Plato and Aristotle on the Criterion of Real Pleasures

C. C. W. Taylor

in Pleasure, Mind, and Soul

Published in print January 2008 | ISBN: 9780199226399
Published online May 2008 | e-ISBN: 9780191710209 | DOI:
 Plato and Aristotle on the Criterion of Real Pleasures

Show Summary Details


This chapter examines the attempts by Plato and Aristotle to establish which, among the great variety of pleasures, are genuine pleasures, as opposed to not being pleasures at all, or being pleasures only in some qualified sense. Both appeal to the judgement of a certain type of person as authoritative, but the types of person are different. In Republic Book IX, Plato argues that the philosopher's judgement is authoritative because he excels other types of person in intelligence, reason, and experience of the various types of pleasure. It is argued that this argument fails because only a devotee of a given type of pleasure has the appropriate experience of it, and the philosopher cannot be a devotee of the pleasures of the body and of ambition. Aristotle's criterion in the Nicomachean Ethics is the judgement of the person in sound condition, including physical and psychological health, but he is unable to identify the appropriately sound condition independently of the person's having the right kind of pleasures. He appears to suggest in the Eudemian Ethics that it may be possible to identify genuine pleasures independently of anyone's judgement by direct appeal to the proper functioning of human nature.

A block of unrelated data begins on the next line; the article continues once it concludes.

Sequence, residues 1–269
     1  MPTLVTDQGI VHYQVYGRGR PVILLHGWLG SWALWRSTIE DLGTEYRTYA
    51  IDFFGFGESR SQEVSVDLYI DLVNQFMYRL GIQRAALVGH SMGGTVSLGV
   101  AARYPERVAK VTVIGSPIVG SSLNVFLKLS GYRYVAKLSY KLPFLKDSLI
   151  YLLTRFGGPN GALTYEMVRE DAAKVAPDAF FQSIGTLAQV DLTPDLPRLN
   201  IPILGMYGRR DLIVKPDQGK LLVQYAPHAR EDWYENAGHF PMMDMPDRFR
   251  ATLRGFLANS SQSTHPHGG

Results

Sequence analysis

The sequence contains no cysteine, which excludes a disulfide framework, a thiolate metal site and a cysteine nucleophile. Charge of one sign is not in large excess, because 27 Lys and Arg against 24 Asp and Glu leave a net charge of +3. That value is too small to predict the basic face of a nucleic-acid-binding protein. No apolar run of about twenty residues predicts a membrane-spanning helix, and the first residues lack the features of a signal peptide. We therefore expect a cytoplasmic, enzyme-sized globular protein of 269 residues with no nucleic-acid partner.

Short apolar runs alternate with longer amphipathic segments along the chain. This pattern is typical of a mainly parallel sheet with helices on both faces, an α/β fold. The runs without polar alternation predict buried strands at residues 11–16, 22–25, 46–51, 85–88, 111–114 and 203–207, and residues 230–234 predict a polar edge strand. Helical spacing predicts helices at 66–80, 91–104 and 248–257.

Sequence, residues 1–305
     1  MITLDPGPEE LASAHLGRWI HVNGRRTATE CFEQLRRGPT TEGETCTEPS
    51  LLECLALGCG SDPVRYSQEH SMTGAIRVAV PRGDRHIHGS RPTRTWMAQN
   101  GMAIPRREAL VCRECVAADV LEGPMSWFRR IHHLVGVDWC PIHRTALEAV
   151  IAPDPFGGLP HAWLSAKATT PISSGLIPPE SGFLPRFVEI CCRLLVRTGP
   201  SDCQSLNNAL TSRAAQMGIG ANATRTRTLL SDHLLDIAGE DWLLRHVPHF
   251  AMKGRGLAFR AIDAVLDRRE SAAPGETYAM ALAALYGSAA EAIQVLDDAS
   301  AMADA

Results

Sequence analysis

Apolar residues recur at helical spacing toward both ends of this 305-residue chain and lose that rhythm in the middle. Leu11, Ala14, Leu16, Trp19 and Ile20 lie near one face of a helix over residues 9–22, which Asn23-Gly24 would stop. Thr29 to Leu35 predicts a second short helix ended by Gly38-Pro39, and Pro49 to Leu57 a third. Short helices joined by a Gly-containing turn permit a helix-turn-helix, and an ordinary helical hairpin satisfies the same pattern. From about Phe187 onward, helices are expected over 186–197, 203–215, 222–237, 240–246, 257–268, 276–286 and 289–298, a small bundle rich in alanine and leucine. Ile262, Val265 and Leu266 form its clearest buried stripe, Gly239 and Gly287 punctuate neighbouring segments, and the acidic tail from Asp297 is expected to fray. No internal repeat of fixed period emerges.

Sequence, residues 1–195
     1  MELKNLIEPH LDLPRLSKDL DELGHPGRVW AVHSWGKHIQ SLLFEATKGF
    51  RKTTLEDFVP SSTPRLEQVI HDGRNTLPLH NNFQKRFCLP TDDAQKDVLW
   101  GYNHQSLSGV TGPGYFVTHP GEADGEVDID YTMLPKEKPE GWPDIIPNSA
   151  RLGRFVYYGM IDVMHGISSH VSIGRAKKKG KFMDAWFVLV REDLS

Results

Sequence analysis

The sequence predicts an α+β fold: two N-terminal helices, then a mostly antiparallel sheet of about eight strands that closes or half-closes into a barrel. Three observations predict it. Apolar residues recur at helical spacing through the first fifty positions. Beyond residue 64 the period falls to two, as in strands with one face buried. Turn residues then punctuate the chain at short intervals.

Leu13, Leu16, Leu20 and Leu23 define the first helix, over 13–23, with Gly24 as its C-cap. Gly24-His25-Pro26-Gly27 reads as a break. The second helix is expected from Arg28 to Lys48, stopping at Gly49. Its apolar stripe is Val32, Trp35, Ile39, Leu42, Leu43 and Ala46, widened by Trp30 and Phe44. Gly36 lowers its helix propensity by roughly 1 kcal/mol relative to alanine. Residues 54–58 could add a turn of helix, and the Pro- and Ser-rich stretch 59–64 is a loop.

Keywords: criterion; pleasure; intelligence; reason; experience; qualified and unqualified predicates; human nature; ergon; function

Chapter.  7010 words. 

Subjects: Ancient Philosophy

Full text: subscription required

How to subscribe Recommend to my Librarian

Buy this work at Oxford University Press »

Users without a subscription are not able to see the full content. Please, subscribe or login to access all content.